History of Multicultural Education: “Yes, But,” Revisited

reviewed by Susan F. Semel - December 01, 2009

coverTitle: History of Multicultural Education: “Yes, But,” Revisited
Author(s): Carl A. Grant and Thandeka K. Chapman
Publisher: Routledge, New York
ISBN: 0805854398, Pages: 378, Year: 2008
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In Fall 1996, I reviewed the Handbook of Research on Multicultural Education, edited by James A. Banks and Cherrie McGee Banks, for the Teachers College Record (Semel, 1996). Twelve years later, I found myself coordinating reviews of a six volume edited work, History of Multicultural Education, edited by Carl A. Grant and Thandeka K. Chapman. Both works represent the labors of pioneers in the field but in very different ways. Banks and Banks’s handbook examined “theoretical, empirical, and philosophical issues related to multicultural education,” reading like a “Who’s Who” in multicultural education in 1995. Unlike the Banks’s handbook, an exhaustive reference guide, Grant and Chapman have had the advantage of building on such existing works to create a six volume history of multicultural education, thus enabling us to see not only its beginnings but also the ways in which it has evolved, a particular boon to historians of education. Additionally, but not unimportantly, when the Banks’s work appeared, the place of multicultural education in university, college, and school curricula—and what shape it should take—was hotly debated and contested  among  educational scholars. In the last decade or so, multicultural studies and the infusion of multiculturalism into the school curriculum have become an integral part of teaching and learning in schools and higher educational institutions. Thus, Grant and Chapman’s multivolume work also illustrates the transformation of what many perceived as a radical reform to its acceptance as “canon.”

In particular, Grant and Chapman have documented issues, debates, concepts, and particular programs that comprise the interdisciplinary study of multicultural education and have organized it in such a way as to make it accessible to a broad audience of scholars, teachers, and students through a historical lens. Each volume is organized around a group of connected topics and themes: Volume 1: Conceptual Frameworks and Curricular Issues; Volume 2: Foundations and Stratifications; Volume 3: Instruction and Assessment; Volume 4: Policy and Policy Initiatives; Volume 5: Students and Student Learning; Volume 6: Teachers and Teacher Education. Within each volume there are subdivisions as well, enabling the researcher quick access to a particular group of articles.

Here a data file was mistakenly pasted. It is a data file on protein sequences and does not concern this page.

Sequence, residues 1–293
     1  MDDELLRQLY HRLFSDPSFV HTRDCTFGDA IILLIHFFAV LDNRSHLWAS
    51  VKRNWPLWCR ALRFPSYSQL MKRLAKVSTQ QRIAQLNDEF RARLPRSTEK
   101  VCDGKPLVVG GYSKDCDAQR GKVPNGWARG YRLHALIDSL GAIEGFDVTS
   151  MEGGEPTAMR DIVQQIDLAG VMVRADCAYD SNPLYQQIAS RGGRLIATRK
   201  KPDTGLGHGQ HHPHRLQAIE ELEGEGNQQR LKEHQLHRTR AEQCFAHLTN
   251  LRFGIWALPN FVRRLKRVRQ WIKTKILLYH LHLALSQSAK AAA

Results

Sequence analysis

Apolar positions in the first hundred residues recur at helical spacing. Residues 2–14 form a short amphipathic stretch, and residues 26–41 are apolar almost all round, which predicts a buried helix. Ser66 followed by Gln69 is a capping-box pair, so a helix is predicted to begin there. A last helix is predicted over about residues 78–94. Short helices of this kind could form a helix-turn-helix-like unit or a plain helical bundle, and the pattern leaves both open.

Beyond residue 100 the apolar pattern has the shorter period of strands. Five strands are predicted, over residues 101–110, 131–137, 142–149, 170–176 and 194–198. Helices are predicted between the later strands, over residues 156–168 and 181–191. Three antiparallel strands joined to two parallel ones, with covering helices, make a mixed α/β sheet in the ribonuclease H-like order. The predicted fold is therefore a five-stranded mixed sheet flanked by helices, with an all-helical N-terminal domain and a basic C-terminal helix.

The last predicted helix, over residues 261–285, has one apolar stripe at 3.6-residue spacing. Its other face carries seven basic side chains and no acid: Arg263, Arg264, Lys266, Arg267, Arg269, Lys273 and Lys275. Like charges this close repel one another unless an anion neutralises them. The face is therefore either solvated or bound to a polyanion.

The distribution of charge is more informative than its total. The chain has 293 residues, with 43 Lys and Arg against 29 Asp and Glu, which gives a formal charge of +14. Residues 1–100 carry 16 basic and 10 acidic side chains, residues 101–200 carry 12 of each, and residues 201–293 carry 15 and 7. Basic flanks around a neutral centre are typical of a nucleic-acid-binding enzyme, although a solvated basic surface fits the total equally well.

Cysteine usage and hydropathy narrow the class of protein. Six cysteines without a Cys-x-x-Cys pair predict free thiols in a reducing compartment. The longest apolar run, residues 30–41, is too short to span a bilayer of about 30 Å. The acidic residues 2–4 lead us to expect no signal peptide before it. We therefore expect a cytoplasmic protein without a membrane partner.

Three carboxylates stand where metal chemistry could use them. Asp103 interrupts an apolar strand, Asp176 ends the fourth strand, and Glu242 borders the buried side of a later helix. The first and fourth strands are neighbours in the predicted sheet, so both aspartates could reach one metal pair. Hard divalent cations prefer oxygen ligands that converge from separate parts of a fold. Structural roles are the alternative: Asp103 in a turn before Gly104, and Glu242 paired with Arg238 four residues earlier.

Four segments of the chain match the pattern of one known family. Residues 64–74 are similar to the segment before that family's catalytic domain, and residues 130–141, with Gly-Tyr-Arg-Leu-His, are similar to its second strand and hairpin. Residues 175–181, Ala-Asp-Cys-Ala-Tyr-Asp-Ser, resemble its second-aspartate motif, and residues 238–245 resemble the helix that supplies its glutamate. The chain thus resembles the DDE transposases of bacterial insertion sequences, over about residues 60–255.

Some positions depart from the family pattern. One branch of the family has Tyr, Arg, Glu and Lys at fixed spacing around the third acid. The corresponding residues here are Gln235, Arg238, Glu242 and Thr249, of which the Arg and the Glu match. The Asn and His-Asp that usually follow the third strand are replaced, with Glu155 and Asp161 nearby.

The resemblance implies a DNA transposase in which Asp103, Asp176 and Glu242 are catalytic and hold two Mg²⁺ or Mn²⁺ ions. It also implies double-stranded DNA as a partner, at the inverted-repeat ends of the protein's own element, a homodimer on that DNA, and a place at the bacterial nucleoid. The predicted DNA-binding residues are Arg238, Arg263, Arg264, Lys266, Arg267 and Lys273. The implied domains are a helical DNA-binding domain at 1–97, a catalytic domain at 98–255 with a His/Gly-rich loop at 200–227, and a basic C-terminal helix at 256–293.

As to the method used to determine the selection, the editors state that they consulted data banks, such as ERIC and Web of Science, and experts in the field. They considered the amount of “hits” articles received and ultimately popularity plus cost determined selection. At first I was dismayed at the seemingly lack of rigor in the process; how many times have I summoned an article only to have been disappointed with its content; how many times have I been frustrated by copyright expense; then I tried to think of alternatives for a project of this scope and failed to come up with any other viable method.

What follows are reviews of each of the six volumes. In selecting the reviewers, I attempted to include individuals with a variety of educational and academic experiences from diverse backgrounds and at different stages of their academic careers, including graduate students, and junior and senior faculty members. All of them have taught in urban schools and/or universities with diverse student populations.